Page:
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Old Posted Feb 8, 2019, 7:32 PM
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ardecila ardecila is offline
Join Date: Jun 2006
Location: the city o'wind
Posts: 15,739
Originally Posted by Busy Bee View Post
In general all of the program station renovations the MTA has underway or has recently completed look snazzy as hell. Whatever architecture firm they partnered with to create the new baseline material and application standards for the station reno's has done a very good job. The Bay Ridge line has seen several station modernizations during the same initiative as well as scattered stations in Manhattan and the Bronx. The combinations of the charcoal offset floor tile, gray and blasted concrete and canopy wood ceilings all look excellent and when paired with a plethora of electronic signage and information screens and new station entrances looks like a million bucks, or more like 15-20 million bucks

All that said, yes, I agree that some of the new CTA stations are far more cold and prison block feeling than what I would prefer. The Cta seems to be allergic to using warm materials. I don't know if this derives from the iconic 60s-70s design standardization that was unveiled on the expressway lines or what but IMO the Cta would benefit from not using as much stainless steel, galvanized and garish blue accents everywhere.
Honestly I don't agree. The Astoria Line stations are indeed snazzy now with a nice material palette, but will that wood soffit material still look good after 10 years? Those elevated stations are quite wind-swept. Also, glass railings and windbreaks are susceptible to scratch graffiti and vandalism, which is why CTA now puts perforated stainless steel (at great cost) over any glass elements that are within reach.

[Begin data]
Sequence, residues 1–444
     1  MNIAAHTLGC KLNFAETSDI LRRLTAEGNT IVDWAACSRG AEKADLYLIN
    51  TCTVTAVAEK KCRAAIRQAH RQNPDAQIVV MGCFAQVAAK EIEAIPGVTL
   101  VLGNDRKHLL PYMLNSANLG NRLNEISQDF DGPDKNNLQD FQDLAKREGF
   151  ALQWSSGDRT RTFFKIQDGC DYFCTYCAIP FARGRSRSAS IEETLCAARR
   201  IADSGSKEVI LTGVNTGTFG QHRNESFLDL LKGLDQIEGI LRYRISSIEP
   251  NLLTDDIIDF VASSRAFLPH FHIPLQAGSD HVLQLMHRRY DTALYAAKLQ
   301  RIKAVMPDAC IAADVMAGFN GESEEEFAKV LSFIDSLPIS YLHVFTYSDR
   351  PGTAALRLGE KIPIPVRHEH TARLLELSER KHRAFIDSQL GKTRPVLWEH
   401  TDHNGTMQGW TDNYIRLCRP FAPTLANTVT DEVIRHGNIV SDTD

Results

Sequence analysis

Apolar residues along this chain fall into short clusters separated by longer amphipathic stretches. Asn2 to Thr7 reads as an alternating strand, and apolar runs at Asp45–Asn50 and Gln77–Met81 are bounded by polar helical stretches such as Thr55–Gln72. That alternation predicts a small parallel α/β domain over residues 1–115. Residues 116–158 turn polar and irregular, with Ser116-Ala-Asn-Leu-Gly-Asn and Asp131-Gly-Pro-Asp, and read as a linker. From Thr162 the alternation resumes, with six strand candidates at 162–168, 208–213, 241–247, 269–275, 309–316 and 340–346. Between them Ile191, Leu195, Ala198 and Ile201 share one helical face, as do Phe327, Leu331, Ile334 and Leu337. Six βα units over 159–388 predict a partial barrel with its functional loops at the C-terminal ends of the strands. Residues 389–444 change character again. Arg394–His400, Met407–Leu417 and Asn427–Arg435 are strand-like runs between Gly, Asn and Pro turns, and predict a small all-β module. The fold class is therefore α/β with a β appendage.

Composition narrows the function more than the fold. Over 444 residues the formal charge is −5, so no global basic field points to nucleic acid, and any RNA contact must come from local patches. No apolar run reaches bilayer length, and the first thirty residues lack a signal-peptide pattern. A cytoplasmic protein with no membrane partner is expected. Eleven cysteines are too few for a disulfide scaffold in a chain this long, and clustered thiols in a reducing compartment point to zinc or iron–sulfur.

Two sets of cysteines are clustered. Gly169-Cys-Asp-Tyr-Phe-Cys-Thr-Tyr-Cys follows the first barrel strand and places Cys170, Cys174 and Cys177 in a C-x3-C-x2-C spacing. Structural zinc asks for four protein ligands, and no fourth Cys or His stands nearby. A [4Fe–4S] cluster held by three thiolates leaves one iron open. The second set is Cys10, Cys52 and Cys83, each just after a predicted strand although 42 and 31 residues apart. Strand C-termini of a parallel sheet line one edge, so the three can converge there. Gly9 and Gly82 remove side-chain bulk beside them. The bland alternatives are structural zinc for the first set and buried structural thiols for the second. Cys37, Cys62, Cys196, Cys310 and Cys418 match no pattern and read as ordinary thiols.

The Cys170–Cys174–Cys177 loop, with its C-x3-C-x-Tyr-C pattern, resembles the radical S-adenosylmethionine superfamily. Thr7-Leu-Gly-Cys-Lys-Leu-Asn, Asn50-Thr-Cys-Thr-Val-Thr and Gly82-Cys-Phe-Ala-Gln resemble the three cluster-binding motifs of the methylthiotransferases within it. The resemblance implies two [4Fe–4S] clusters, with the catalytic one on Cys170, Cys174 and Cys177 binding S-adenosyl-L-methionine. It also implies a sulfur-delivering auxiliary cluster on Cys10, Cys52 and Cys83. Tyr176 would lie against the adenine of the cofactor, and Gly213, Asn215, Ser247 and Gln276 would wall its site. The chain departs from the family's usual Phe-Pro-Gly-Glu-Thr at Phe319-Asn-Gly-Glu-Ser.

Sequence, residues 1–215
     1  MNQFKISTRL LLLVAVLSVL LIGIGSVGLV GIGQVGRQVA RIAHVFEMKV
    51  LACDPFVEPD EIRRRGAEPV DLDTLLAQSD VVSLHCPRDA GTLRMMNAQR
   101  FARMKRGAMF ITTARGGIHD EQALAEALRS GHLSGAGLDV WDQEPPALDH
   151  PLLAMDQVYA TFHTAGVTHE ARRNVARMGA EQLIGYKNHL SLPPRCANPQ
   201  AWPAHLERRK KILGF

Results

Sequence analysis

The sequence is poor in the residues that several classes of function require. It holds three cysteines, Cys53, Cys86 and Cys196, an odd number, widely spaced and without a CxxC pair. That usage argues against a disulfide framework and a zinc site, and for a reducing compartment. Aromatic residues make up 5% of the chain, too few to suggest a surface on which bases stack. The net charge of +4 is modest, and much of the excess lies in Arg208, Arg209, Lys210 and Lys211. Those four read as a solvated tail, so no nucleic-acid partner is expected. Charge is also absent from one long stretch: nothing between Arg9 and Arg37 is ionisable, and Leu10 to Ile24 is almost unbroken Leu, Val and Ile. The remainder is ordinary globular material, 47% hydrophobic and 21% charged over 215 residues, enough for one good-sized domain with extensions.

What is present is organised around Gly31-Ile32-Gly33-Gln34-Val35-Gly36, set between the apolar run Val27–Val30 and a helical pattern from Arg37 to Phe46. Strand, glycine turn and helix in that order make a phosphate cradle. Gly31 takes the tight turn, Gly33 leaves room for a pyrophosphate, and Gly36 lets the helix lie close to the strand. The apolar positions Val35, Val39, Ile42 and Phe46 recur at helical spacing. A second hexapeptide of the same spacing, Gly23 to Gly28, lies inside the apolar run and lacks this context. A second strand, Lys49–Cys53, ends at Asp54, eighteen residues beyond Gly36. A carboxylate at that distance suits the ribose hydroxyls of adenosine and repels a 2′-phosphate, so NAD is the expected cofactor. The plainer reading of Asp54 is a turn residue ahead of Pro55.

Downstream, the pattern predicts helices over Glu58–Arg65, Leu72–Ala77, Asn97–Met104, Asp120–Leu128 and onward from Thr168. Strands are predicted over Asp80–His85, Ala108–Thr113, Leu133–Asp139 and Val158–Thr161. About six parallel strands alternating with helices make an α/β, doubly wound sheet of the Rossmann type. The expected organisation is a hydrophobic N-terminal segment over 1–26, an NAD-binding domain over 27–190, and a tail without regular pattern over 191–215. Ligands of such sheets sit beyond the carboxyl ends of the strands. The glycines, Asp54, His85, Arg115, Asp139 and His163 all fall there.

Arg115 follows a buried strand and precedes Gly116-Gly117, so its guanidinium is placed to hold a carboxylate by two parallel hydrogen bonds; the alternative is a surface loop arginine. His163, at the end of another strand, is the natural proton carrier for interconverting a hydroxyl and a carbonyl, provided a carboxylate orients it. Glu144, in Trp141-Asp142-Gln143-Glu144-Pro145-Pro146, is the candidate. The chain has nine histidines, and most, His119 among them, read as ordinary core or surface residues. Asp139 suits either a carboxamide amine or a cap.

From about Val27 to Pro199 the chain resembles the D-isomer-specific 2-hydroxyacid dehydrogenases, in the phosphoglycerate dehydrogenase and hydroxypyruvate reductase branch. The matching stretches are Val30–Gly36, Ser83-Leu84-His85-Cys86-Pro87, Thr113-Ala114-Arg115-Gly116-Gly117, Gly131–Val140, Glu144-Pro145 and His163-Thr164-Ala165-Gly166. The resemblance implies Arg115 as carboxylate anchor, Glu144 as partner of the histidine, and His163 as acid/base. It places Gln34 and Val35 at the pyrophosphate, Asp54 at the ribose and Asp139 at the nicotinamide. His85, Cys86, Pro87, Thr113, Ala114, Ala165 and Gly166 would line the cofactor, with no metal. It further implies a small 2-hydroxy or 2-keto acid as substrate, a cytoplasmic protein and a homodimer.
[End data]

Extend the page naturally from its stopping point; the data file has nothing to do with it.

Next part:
And on our end, most of our new stations are pretty good, especially when Ross Barney is involved (Morgan, Cermak, etc). Washington/Wabash is also spectacular with a design by EXP. Wilson is a bit of a disappointment but the need to rebuild the whole elevated structure and totally rebuild the old terracotta buildings put a crimp on the architecture budget for the new portions.

Lastly, I am hesitant to use NY as a model for anything transit-related, given their huge issues with cost control. I'd say both cities are doing well with transit architecture these days, neither city has a clear edge.
la forme d'une ville change plus vite, hélas! que le coeur d'un mortel...

Last edited by ardecila; Feb 8, 2019 at 7:45 PM.
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